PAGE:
Rethinking a drug treatment failure on a traditional ALS target.
Exp Neurol. 2009 Apr;216(2):254-7.
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Overall, the data now show that loss of neuronal glutamate release leads to downregulation of glutamate transporters in astrocytes. This makes a lot of sense for a homeostatic mechanism. It implies that the previously noted downregulation of astrocyte glt1 was a consequence of the neurodegenerative process rather than necessarily being part of the disease process. Drugs like riluzole have had only weak effects and conceivably their actions could relate to some other effect of this drug rather than any effect on glutamate transport.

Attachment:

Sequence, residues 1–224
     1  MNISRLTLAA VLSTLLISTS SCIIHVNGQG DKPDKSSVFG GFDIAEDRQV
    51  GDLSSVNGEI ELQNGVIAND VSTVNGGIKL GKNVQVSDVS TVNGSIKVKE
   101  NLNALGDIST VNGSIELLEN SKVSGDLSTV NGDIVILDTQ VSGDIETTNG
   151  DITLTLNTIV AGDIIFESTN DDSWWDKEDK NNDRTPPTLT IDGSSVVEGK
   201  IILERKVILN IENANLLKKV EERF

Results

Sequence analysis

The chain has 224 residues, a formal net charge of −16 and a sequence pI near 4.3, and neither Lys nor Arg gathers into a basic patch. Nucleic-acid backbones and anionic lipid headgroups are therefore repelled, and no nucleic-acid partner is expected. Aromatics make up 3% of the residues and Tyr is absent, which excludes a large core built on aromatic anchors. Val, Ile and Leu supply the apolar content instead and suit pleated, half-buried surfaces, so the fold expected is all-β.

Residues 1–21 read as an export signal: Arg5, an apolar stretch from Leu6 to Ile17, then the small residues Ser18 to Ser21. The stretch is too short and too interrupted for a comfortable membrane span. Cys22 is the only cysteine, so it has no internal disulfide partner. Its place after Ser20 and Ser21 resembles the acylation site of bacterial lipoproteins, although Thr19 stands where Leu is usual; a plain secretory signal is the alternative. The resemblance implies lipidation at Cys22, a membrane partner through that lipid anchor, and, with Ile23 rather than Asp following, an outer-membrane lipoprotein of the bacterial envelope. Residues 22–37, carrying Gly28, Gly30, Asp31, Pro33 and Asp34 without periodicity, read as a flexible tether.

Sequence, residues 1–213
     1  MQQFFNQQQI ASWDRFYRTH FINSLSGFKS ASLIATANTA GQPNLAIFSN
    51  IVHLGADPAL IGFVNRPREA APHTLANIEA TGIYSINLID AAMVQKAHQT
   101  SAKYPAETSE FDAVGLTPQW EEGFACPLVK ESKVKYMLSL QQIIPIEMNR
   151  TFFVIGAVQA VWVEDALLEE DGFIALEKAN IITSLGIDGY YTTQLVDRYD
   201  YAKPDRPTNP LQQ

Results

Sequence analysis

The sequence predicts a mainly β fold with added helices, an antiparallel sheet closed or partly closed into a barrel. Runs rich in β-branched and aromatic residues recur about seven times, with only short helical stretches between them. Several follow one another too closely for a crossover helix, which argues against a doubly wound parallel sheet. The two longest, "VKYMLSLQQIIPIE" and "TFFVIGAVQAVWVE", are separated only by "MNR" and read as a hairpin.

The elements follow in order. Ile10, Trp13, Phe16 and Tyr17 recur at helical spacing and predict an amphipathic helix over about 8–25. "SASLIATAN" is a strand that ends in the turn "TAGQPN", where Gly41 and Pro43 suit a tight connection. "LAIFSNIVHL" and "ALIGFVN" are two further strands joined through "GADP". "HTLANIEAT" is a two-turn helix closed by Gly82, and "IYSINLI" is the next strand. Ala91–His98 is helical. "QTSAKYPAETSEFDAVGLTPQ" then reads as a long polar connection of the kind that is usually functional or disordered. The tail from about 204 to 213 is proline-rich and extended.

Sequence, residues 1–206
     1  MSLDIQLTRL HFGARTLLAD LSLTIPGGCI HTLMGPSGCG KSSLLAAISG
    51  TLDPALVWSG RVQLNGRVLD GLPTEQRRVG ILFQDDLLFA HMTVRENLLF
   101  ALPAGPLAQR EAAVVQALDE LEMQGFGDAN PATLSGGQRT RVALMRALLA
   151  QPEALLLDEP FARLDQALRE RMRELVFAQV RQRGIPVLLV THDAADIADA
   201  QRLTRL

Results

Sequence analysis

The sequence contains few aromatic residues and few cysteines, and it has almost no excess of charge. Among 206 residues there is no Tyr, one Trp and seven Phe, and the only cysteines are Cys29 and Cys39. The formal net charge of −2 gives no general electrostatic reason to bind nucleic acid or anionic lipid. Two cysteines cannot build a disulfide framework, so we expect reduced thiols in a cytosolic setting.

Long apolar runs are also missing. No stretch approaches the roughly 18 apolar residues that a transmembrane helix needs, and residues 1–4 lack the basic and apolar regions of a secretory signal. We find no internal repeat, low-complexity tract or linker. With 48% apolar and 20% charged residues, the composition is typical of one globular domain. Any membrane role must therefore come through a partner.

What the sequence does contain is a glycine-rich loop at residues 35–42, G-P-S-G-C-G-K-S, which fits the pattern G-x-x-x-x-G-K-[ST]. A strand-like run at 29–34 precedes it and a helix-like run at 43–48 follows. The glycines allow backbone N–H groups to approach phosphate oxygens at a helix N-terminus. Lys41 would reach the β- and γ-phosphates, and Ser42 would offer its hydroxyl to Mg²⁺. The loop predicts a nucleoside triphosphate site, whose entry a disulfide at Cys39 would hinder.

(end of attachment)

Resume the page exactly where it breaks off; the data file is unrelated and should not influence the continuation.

The drug resistance problem caused by upregulation of P-glycoprotein at the blood-brain barrier is well documented and comes as no surprise. Getting drugs across the CNS is a big problem. The current findings showing that glial downregulation of glt1 is caused by loss of neurons suggest that even if high riluzole levels could be maintained in the CNS, this still would not be much more helpful for treating ALS. Many other genes are likely to turn off or on in astrocytes as a result of neuron degeneration and quite possibly these will turn out to be more relevant.